Exercises



    9 Aliases



    9.1 Aliases for Data Objects

    9.2 Aliases for Non-Data Items

    Exercises



    10 Case Study: A Bit-Vector Arithmetic Package



    10.1 The Package Interface

    10.2 The Package Body

    10.3 An ALU Using the Arithmetic Package

    Exercises



    11 Resolved Signals



    11.1 Basic Resolved Signals

    11.2 IEEE Std_Logic_1164 Resolved Subtypes

    11.3 Resolved Signals and Ports

    11.4 Resolved Signal Parameters

    Exercises



    12 Generic Constants



    12.1 Parameterizing Behavior

    12.2 Parameterizing Structure

    Exercises



    13 Components and Configurations



    13.1 Components

    13.2 Configuring Component Instances

    13.3 Configuration Specifications

    Exercises



    14 Generate Statements



    14.1 Generating Iterative Structures

    14.2 Conditionally Generating Structures

    14.3 Configuration of Generate Statements

    Exercises



    15 Case Study: The DLX Computer System



    15.1 Overview of the DLX CP

    15.2 A Behavioral Model

    15.3 Testing the Behavioral Model

    15.4 A Register-Transfer-Level Model

    15.5 Testing the Register-Transfer-Level Model

    Exercises



    16 Guards and Blocks



    16.1 Guarded Signals and Disconnection

    16.2 Blocks and Guarded Signal Assignment

    16.3 Using Blocks for Structural Modularity

    Exercises



    17 Access Types and Abstract Data Types



    17.1 Access Types

    17.2 Linked Data Structures

    17.3 Abstract Data Types Using Packages

    Exercises



    18 Files and Input/Output



    18.1 Files

    18.2 The Package Textio

    Exercises



    19 Case Study: Queuing Networks



    19.1 Queuing Network Concepts

    19.2 Queuing Network Modules

    19.3 A Queuing Network for a Disk System

    Exercises



    20 Attributes and Groups



    20.1 Predefined Attributes

    20.2 User-Defined Attributes

    Exercises



    21 Miscellaneous Topics



    21.1 Buffer and Linkage Ports

    21.2 Conversion Functions in Association Lists

    21.3 Postponed Processes

    21.4 Shared Variables

    Exercises



    A Synthesis



    A.1 Use of Data Types

    A.2 Interpretation of Standard Logic Values

    A.3 Modeling Combinatorial Logic

    A.4 Modeling Sequential Logic

    A.5 VHDL Modeling Restrictions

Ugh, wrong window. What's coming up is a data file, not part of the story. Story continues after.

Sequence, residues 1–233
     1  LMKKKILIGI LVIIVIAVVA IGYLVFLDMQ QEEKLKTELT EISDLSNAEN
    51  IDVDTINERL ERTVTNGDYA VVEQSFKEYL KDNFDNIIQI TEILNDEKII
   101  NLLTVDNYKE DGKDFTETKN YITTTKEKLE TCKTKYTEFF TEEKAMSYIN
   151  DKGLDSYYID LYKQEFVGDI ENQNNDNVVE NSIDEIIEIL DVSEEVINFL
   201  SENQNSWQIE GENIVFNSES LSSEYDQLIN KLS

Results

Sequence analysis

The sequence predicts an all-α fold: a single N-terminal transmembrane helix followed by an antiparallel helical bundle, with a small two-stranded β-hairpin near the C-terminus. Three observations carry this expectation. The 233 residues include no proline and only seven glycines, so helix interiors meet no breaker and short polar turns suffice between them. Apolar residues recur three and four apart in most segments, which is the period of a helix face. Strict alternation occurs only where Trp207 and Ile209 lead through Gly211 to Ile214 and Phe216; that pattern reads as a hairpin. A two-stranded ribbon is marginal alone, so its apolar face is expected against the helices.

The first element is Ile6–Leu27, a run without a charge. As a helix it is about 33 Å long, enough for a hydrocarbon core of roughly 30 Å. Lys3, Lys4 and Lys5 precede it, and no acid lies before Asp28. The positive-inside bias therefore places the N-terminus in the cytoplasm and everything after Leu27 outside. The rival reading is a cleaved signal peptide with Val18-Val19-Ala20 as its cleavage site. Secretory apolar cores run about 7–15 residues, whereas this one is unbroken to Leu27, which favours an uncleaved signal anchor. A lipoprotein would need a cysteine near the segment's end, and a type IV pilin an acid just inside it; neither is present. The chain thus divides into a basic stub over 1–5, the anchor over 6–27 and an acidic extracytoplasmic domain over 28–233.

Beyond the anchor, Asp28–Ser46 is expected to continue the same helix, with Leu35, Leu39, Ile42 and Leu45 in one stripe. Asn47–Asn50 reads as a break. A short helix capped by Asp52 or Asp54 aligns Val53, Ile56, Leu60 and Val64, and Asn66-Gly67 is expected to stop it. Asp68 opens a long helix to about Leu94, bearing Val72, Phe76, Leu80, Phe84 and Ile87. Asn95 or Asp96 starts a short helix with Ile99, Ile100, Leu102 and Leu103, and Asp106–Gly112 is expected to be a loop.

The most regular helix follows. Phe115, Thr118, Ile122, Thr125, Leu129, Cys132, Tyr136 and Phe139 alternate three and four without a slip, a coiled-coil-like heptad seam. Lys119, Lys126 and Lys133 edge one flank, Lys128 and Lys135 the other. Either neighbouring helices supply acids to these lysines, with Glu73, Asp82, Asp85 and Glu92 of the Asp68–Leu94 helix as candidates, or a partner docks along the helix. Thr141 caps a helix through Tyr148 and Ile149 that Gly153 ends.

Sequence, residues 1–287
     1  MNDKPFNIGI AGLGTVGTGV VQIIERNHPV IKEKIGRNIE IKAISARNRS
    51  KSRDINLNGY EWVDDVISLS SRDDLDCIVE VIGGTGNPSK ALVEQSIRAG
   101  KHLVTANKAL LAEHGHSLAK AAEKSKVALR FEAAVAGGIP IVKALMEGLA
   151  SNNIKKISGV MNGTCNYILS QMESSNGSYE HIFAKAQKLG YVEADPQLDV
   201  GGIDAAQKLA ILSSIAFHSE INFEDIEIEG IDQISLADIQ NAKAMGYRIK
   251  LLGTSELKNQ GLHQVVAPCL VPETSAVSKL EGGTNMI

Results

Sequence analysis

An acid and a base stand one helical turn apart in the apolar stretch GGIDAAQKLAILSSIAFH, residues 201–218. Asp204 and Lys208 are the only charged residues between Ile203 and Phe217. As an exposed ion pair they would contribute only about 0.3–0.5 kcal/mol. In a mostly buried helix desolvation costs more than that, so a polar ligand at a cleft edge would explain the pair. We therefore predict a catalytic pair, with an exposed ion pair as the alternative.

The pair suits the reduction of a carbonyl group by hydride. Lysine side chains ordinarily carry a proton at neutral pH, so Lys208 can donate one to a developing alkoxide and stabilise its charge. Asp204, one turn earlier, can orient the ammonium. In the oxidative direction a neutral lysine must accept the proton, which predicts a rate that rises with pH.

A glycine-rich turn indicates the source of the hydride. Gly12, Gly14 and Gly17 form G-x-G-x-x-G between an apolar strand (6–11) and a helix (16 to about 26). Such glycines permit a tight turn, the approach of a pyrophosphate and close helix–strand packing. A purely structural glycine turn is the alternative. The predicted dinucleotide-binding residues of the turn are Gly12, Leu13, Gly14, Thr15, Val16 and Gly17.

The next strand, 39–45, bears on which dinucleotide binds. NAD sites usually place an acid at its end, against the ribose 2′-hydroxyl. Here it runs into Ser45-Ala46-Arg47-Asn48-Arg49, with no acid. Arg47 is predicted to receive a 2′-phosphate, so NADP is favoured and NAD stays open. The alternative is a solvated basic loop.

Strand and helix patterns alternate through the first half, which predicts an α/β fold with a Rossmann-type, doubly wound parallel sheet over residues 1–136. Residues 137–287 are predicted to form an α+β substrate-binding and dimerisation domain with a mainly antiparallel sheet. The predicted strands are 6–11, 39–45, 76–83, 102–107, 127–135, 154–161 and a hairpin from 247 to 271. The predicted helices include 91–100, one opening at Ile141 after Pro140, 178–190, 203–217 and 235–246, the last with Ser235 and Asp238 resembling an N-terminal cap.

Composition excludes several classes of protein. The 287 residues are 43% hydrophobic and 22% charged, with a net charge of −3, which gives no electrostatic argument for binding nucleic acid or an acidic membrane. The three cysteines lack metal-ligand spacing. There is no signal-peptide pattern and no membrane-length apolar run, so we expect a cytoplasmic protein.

B The Predefined Package Standard



    C IEEE Standard Packages



    C.1 Std_Logic_1164 Multiv-Value Logic System

    C.2 Standard 1076.3 VHDL Synthesis Packages

    C.3 Standard 1076.2 VHDL Mathematical Packages



    D Related Standards



    D.1 IEEE VHDL Standards

    D.2 Other Design Automation Standards



    E VHDL Syntax



    E.1 Design File

    E.2 Library Unit Declarations

    E.3 Declarations and Specifications

    E.4 Type Definitions

    E.5 Concurrent Statements

    E.6 Sequential Statements

    E.7 Interfaces and Associations

    E.8 Expressions



    F Differences



    G Answers to Exercises



    References



    Index

Product details

  • No. of pages: 768
  • Language: English
  • Copyright: © Morgan Kaufmann 2001
  • Published: May 29, 2001
  • Imprint: Morgan Kaufmann
  • eBook ISBN: 9780080477152

About the Author

Peter Ashenden

Peter J. Ashenden received his B.Sc.(Hons) and Ph.D. from the University of Adelaide, Australia. He was previously a senior lecturer in computer science and is now a Visiting Research Fellow at the University of Adelaide. His research interests are computer organization and electronic design automation. Dr. Ashenden is also an independent consultant specializing in electronic design automation (EDA). He is actively involved in IEEE working groups developing VHDL standards, is the author of The Designer's Guide to VHDL and The Student's Guide to VHDL and co-editor of the Morgan Kaufmann series, Systems on Silicon. He is a senior member of the IEEE and a member of the ACM.

Affiliations and Expertise

Adjunct Associate Professor, School of Computer Science, University of Adelaide, Australia